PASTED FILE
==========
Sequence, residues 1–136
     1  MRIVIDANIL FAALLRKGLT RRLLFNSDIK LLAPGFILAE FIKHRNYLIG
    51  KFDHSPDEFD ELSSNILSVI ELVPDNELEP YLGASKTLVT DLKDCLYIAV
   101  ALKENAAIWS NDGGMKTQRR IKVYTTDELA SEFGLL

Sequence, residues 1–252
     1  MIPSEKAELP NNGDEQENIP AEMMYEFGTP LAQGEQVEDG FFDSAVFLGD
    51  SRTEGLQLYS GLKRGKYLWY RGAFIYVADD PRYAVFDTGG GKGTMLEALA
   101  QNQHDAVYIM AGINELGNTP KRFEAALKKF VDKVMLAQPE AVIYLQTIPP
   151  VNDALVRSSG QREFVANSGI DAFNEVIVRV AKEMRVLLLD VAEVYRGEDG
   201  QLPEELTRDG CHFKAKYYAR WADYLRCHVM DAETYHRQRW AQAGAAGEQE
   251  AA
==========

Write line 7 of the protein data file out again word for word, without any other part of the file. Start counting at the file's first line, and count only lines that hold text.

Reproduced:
    51  SRTEGLQLYS GLKRGKYLWY RGAFIYVADD PRYAVFDTGG GKGTMLEALA